We show how Theorem 2 is derived from Theorem 1.
Given a finite set of bases, there are infinitely many Carmichael numbers that are strong pseudoprimes to all the bases in the finite set.
Proof of Theorem 2
Consider the function defined in the right-hand side of the inequality (2) in the statement of Theorem 1. The key facts about this function are that:
- The function is an increasing function for sufficiently large .
- The function is increasing without bound, i.e., for each sufficiently large , there exists an such that .
We use these two facts to derive the intended results. These two key facts will be discussed at the end. By Theorem 1, there exist Carmichael numbers
such that (2) holds for each term in the sequence, i.e., for each . Based on the key facts, the following sequence is increasing without bound.
Let be a finite set of positive integers . Choose some such that for each , is greater than all elements of . Let be the maximum of all the integers in the finite set . Now it is clear that for each , and that . It follows that for each of the following infinitely many Carmichael numbers
the least witness is greater than . Thus all these Carmichael numbers are strong psuedoprimes to all bases , hence to all the bases in the finite set .
To see that the function is increasing pass some sufficiently large , take the derivative of .
The above derivative is positive if and only if the following is true:
This last inequality always holds for sufficiently large . Thus for sufficiently large , the derivative of is positive, meaning that is increasing.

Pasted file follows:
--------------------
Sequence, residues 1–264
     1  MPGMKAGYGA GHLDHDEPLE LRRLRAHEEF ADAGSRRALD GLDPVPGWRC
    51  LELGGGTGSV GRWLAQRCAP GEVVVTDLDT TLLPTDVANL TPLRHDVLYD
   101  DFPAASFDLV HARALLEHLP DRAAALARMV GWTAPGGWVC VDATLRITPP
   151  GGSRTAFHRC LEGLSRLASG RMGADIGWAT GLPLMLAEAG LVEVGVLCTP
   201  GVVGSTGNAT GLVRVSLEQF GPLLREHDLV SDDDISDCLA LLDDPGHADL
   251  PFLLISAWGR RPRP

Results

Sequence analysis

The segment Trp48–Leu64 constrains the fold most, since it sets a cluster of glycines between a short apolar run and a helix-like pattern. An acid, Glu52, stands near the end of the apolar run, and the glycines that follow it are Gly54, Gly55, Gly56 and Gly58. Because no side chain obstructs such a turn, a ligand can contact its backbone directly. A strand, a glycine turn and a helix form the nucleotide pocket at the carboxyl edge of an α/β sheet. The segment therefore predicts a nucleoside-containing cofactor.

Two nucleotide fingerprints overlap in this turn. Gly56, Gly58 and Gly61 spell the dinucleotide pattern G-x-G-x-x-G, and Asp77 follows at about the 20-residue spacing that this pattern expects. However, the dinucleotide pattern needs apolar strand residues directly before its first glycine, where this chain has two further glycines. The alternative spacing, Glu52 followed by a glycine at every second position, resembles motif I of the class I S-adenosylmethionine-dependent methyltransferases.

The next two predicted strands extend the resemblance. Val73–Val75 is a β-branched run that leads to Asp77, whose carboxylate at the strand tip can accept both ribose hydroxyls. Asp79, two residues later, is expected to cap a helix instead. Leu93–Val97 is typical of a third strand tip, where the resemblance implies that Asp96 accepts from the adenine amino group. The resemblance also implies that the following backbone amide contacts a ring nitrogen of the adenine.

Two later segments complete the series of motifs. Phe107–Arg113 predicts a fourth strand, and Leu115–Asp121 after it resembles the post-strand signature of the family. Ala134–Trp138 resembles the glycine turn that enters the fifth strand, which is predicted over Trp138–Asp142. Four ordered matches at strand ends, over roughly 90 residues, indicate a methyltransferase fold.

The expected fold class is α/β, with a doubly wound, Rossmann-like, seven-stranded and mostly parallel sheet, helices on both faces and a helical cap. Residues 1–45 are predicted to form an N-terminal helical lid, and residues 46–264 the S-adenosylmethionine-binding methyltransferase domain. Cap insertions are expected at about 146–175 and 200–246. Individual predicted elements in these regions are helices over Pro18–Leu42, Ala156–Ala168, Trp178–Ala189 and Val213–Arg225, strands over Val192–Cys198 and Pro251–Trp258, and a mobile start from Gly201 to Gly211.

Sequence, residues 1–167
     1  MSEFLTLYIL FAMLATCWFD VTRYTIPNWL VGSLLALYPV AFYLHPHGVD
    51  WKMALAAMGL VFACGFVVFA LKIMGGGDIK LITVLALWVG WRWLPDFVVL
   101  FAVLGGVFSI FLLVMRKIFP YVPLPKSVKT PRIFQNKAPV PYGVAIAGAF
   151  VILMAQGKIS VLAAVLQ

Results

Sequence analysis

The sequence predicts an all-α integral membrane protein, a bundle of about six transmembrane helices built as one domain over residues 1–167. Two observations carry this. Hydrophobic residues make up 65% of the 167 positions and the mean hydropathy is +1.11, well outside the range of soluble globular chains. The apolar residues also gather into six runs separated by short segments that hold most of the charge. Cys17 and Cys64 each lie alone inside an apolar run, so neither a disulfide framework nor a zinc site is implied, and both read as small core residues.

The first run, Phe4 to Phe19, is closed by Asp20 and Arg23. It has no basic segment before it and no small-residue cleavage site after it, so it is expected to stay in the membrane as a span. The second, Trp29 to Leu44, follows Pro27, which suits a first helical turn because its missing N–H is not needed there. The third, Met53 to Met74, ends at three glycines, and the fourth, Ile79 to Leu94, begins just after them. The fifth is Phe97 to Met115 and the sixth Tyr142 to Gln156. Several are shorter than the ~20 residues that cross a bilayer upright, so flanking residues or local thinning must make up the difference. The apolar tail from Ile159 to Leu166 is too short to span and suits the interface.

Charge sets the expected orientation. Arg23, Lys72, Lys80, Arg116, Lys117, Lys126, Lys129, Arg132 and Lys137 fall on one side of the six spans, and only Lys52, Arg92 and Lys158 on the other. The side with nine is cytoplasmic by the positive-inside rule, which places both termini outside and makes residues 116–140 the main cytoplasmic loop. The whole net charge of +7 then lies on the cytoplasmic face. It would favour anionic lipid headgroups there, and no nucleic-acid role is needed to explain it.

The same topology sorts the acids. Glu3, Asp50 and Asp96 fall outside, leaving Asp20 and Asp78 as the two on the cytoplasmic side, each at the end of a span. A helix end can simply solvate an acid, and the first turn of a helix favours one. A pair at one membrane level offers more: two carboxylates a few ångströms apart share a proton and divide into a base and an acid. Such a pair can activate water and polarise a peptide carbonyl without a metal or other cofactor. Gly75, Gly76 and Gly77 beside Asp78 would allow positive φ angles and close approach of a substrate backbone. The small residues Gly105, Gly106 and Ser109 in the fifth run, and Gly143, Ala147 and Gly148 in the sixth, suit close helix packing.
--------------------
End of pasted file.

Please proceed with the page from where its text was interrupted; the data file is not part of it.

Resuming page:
To see that increases without bound, fix a sufficiently large . Choose an integer large enough such that and . Let where . We have the following.
The above derivation shows that the function increases without bound.
Theorem 2 implies the following theorem. For the infinitely many Carmichael numbers that are strong pseudoprimes to all the bases below a bound, no prime numbers within the bound can be a factor for these Carmichael numbers.
There are infinitely many Carmichael numbers that have no small prime factors.
The Carmichael numbers that are claimed to exist by Theorem 3 will likely not be detected as composite by factoring. For example, consider a Carmichael number that is a strong pseudoprime to all the prime bases below . Its compositeness will likely not be detected by factoring based on the current computing technology and on the current factoring algorithms. This is another reason that the strong probable prime test (the Miller-Rabin test) is better than the Fermat test. The latter will declare the Carmichael number in question as prime while the former will likely be correct.
Consider the following 397-digit number.
The above is a 397-digit Carmichael number found in . It is a strong pseudoprime to all the prime bases up to 300. According to Theorem 2, there are infinitely many other Carmichael numbers that are strong pseudoprimes to all the prime bases below 300. The number is generated using the following formula.
- Alford W., Granville A., and Pomerance C., On the difficulty of finding reliable witnesses, L. Adleman and M.-D. Huang, editors, Algorithmic Number Theory: Proc. ANTS-I, Ithaca, NY, volume 877 of Lecture Notes in Computer Science, pages 1–16. Springer–Verlag, 1994.
- Alford W., Granville A., and Pomerance C., There are infinitely many Carmichael numbers, Ann. of Math. 139, 703-722, 1994.
- Arnault F., Constructing Carmichael numbers which are pseudoprimes to several bases, J. Symbolic Computation, 20, 151-161, 1995.
- Jaeschke G., On strong pseudoprimes to several bases, Math. Comp., Volume 61, No. 204, 915-926, 1993.
- Jiang Yupeng, Deng Yingpu, Strong pseudoprimes to the first 9 prime bases, arXiv:1207.0063v1 [math.NT], June 30, 2012.
- Pomerance C., Selfridge J. L., Wagstaff, S. S., The pseudoprimes to , Math. Comp., Volume 35, 1003-1026, 1980.